WASHINGTON - August 2 - Setting the stage for Friday's Senate Environment Committee hearings on shore related issues, a coalition of environmental groups called on state officials to embrace an emergent national consensus on the need for urgent changes to the way the State manages the coast and ocean.
The Senate hearings come amidst a series of recent shore related controversies. Scientific reports, for example, suggest that the NJ shore is increasingly vulnerable to catastrophic effects of a Katrina-like storm, made worse by NJ’s pattern of coastal over-development.
“Developers are paving over the shore with more strip malls, parking lots, and McMansions,” said Doug O’Malley, Field Director NJ Public Interest Research Group (NJPIRG). “They’re putting thousands of people’s lives and billions of dollars of public infrastructure in harms way – even the insurance industry now realizes the magnitude of the threats.”
Mounting ecological stresses to bays and estuaries, non-point source water pollution, over-pumping of coastal aquifers, salt water intrusion, water supply shortages, over fishing, and increasing competition for public access to scarce ocean natural resources – especially beaches and fisheries – add a sense of urgency to other long running Jersey Shore debates.
Fueled by this sense of urgency, a coalition of major national, NJ, and local environmental groups conducted research and held a series of roundtable discussions to develop a coastal and ocean action agenda.
Drawing in part on the recent findings and recommendations of two national blue ribbon ocean panels the groups identified three primary threats to the Jersey Shore economy and ecosystems:
1) Over-development in the coastal zone
2) Increasing vulnerability to catastrophic storms and sea level rise
3) Outdated state fisheries management policies that neglect ecosystem protection
In order to reduce these threats, the Coalition recommends that the State:
1) Adopt ecosystem based management as State policy to “protect, maintain, and restore healthy coastal and ocean ecosystems, and adopt an ecosystem-based approach to ocean management.”1
"We are having one of the best summers ever at the Jersey Shore especially in this heat. However what we all are enjoying now will not be here for our children unless we start making changes to better protect our coast," stated Jeff Tittel Director NJ Sierra Club. “We must start to manage our oceans as an ecosystem and stop pollution and over development from destroying what we love. We call on Governor Corzine to exercise leadership by issuing an Executive Order that establishes ecosystem based management as the cornerstone for NJ’s ocean and coastal zone protections.” “For too long, land use, natural resource, fisheries, and water quality decisions that impact the coast have been piecemeal and uncoordinated,” said Benson Chiles, of Environmental Defense, and the coalition’s facilitator. “It’s time for New Jersey to step up to the plate to protect the Jersey shore.”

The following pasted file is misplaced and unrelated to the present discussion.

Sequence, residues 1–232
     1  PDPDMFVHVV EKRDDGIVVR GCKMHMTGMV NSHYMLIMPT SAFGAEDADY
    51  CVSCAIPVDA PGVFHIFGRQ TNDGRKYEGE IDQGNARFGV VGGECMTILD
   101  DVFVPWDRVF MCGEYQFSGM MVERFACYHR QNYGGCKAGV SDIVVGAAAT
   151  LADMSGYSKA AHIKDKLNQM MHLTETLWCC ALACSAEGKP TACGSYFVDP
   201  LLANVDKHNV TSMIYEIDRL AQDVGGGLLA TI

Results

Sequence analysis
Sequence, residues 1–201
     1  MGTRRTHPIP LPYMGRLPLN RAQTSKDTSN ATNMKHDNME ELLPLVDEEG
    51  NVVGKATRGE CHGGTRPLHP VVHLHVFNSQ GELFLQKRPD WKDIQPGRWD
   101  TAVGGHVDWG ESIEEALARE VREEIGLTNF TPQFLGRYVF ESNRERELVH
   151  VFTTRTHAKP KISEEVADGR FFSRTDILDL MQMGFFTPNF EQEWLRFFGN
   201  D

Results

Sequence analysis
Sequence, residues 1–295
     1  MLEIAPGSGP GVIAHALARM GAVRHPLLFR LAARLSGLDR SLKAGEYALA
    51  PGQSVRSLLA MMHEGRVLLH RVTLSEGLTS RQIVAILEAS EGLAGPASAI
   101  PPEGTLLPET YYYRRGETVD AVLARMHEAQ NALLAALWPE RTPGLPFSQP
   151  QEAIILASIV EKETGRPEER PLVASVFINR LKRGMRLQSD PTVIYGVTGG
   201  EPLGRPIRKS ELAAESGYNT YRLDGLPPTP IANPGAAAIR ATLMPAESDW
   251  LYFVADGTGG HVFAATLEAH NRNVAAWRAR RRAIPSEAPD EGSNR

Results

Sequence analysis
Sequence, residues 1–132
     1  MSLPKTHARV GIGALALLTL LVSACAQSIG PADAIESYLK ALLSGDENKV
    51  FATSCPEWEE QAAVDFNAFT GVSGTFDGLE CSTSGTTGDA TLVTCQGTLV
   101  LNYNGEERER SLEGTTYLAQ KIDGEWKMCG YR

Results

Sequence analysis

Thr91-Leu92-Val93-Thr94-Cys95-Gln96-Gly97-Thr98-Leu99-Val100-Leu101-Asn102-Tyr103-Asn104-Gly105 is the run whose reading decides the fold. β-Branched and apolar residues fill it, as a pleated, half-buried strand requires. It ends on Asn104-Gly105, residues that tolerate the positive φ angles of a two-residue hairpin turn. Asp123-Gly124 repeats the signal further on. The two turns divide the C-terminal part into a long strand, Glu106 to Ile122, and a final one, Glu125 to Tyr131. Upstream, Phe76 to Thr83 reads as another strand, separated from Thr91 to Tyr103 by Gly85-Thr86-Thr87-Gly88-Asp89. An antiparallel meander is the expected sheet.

2) Implement stronger coastal land use planning and growth management controls to tighten current restrictions on shore development, particularly to limit development in environmentally sensitive lands and in know mapped hazard zones.
“In nature, everything is connected: air, land, water, fish, and wildlife. However, our environmental management framework does not reflect this ecological reality,” said Joanna Wolaver, Conservation Project Coordinator at NJ Audubon Society. “The decline in migratory bird populations due to the overharvest of horseshoe crabs is a poster child for the need for an ecosystem-based management policy. We must embrace this policy in order to prevent similar situations in the future and to better manage for threats to and connections between our precious coastal natural resources.”
3) Ensure a more holistic approach to fisheries management by refocusing the State’s fisheries management law on the entire marine ecosystem instead of individual species, create more balanced representation on decision-making bodies and emphasize science-based decision making.
“One third of New Jersey’s fifteen highly prized fish species are overfished or experiencing overfishing” says Michael Pisauro of the New Jersey Environmental Lobby. “New Jersey needs a 21st century fisheries management policy that is up to the task of sustaining all fish populations for the long haul while also protecting the entire marine ecosystem.”